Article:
Since the beginning of the Post Office and the Postal Act of 1792, certain types of mail have qualified for lower postage through preferred rates. It was assumed that these types of mailings yield social benefits for senders, recipients, and more importantly, a large nation. Preferred rates’ roots trace to the first federal postal policy, which recognized that disseminating newspapers at below-cost postage would advance the important social goal of educating the electorate. Soon after, magazines received special rates.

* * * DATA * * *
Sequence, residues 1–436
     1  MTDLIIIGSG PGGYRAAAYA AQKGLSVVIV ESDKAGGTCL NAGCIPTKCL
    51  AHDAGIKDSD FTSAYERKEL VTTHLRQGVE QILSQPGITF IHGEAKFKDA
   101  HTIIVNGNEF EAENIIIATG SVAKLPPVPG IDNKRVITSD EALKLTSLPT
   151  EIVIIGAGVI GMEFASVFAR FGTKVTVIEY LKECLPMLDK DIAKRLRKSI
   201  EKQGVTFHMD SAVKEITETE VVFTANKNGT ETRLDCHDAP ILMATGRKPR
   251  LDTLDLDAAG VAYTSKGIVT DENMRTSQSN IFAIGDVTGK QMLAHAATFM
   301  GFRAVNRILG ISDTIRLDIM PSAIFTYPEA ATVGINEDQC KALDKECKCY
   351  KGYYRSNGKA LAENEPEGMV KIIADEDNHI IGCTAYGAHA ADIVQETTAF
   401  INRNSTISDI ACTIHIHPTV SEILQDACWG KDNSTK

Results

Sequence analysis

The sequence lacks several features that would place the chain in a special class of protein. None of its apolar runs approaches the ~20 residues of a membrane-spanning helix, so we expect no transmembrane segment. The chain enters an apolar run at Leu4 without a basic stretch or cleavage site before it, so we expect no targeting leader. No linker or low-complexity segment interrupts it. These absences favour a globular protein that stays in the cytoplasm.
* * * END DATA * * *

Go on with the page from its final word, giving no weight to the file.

Who would have thought ideas meant to facilitate mail delivery would not only help nearly everyone in the country, but also boost the economy as well?
Take, for instance, the U.S. Postal Service’s Address Management System (AMS), a database of around 127 million deliverable addresses....Read More